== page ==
Gig First Aid

I HAD A PROBLEM WITH MY AMP ON a gig recently that ended up being caused by a bad preamp tube.
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I HAD A PROBLEM WITH MY AMP ON a gig recently that ended up being caused by a bad preamp tube. I didn’t have any spare tubes with me or even any fuses, and after struggling to get through the night with a borrowed amp, I vowed to put together a gig first aid kit. What should I put in it? —RC via email


You wouldn’t drive across the country without a spare tire and some jumper cables, so you should be just as prepared when you go to your gig. Here is what I’d recommend you put in your kit:

1) Speaker Cable. If you play a combo amp, you may not need it, but with a head/cabinet setup a spare is essential.

2) Guitar Cable. Something could happen to cause your cable to fail, so always pack an extra.

3) Guitar Strings

4) String winder

5) Wire cutters

6) Needle-nose pliers

7) Phillips screwdriver

8) Flathead screwdriver

9) Extra set of power tubes. If your amp uses a pair, buy four. That will leave you with an extra set. You simply bias your amp with the first pair, and since the second pair already matches the first, there’s no need to rebias when changing to the second pair

10) Extra preamp tubes of each kind that your amp uses. If it has all 12AX7s, pack one or two extra. If it has a 12AT7, bring one of those too. You don’t need a full set, just one or two of each kind.

11) Extra rectifier tube or solid-state rectifier substitute that plugs into the same socket.

12) Fuses. Make sure they are Slo-Blo and have the correct amperage and voltage rating. Remove the fuse from your amp and take it to Radio Shack to match it exactly, then buy a box of five for spares.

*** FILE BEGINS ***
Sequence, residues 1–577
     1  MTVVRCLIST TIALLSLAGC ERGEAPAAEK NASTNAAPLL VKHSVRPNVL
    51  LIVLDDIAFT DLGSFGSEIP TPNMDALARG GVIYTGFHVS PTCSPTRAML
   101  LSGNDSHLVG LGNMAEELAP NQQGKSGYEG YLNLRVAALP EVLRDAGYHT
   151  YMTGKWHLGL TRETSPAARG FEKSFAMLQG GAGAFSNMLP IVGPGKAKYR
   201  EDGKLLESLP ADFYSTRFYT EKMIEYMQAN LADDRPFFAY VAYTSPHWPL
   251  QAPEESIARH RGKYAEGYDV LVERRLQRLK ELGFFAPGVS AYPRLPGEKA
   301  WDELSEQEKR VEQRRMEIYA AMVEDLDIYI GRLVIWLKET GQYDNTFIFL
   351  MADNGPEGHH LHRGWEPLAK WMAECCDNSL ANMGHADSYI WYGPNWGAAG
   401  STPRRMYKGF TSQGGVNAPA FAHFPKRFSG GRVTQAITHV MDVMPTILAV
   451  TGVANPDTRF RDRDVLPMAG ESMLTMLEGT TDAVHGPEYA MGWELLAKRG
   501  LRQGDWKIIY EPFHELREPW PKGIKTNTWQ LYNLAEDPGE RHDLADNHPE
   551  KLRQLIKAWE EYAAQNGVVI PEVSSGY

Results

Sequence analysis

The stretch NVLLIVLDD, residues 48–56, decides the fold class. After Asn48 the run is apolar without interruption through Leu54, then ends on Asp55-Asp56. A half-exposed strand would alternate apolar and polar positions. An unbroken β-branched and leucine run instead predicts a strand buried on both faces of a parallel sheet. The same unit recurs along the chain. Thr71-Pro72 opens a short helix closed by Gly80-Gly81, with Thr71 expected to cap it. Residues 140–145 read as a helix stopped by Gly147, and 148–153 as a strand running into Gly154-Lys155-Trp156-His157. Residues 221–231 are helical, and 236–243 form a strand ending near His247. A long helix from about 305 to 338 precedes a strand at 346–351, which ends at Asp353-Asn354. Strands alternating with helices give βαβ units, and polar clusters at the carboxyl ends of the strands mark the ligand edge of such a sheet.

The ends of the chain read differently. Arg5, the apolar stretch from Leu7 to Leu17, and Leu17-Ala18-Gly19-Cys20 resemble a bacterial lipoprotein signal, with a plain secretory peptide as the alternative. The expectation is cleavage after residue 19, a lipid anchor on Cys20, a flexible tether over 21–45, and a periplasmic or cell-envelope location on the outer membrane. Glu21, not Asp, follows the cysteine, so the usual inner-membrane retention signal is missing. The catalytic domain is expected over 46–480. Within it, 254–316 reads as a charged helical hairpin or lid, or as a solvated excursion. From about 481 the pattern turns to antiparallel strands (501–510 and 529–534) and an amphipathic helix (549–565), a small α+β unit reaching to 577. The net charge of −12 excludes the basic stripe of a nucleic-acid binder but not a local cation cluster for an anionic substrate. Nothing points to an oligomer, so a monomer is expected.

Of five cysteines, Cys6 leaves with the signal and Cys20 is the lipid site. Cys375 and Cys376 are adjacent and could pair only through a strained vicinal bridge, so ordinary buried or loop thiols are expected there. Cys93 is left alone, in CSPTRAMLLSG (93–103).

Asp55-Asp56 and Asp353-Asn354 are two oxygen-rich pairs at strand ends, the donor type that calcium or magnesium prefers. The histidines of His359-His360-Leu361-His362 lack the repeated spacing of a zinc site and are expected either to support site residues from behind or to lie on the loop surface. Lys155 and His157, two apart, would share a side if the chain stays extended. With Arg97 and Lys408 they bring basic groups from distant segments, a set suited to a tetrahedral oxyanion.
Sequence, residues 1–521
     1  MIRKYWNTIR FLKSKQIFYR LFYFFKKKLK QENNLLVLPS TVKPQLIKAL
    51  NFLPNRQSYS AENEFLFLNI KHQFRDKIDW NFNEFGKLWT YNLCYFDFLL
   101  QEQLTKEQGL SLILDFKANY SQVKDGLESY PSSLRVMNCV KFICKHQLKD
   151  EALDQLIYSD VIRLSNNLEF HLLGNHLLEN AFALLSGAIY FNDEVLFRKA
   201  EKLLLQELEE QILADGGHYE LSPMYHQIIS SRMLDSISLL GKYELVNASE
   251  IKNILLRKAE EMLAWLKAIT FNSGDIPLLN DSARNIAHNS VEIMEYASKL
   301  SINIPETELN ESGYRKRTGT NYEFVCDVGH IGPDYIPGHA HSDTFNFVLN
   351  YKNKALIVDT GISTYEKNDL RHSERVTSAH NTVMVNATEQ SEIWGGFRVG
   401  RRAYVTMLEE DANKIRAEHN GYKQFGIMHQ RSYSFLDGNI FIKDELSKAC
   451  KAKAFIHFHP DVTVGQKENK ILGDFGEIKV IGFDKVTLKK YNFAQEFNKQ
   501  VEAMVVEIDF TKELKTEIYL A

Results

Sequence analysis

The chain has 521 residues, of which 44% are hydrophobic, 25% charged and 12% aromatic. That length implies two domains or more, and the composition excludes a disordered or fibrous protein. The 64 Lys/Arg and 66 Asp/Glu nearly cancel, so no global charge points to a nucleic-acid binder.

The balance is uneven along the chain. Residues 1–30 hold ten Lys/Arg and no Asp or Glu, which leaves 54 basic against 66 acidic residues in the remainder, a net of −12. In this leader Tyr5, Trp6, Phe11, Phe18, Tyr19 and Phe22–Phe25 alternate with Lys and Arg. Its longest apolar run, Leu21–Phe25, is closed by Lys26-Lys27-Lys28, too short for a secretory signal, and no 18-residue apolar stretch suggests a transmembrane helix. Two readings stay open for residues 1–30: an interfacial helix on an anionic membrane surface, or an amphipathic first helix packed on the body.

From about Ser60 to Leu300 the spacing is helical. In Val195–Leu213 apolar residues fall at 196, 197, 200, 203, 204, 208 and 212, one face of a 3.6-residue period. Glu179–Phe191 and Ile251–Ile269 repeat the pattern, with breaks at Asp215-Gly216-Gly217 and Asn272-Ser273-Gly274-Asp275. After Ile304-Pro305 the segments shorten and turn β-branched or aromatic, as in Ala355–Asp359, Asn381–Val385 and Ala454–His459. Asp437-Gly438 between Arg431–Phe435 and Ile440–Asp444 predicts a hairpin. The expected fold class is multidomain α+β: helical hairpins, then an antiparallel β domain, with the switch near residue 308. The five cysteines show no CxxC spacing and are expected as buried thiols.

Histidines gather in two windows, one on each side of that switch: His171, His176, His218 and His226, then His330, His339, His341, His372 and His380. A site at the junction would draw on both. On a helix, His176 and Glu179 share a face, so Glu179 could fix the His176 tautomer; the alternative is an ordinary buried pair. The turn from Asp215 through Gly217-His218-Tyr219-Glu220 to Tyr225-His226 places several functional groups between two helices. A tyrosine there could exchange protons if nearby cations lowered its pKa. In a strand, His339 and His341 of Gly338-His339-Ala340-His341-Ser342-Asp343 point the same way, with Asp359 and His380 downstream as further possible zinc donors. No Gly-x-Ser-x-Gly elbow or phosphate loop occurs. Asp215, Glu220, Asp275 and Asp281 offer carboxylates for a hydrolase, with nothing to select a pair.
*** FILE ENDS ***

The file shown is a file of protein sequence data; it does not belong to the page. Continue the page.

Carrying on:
13) Flashlight. You may need it on a dark stage.

14) 9-volt batteries. If you use pedals you might want several of these. Even if you use a power supply, batteries are good insurance in case something goes wrong with it.


If your amp isn’t producing sound when you flip the standby switch to the “on” position, turn it off immediately and check to see if the speaker is connected. It’s easy to forget to connect an amp head to the speaker cabinet, and when a guitar signal is put through a tube amp without a speaker load connected to it, the tube sockets and the output transformer could arc, causing major damage.

If the speaker cable is connected, turn on the amp but don’t play—just listen closely for hiss or other signs that the speaker is getting signal. Once you are sure the speaker is connected, check your guitar cable and any other audio cables to make sure the amp is actually getting signal. Once you’ve determined that the problem is not with the cables, then go back to the amp and start looking for things like a blown fuse and/or a bad tube.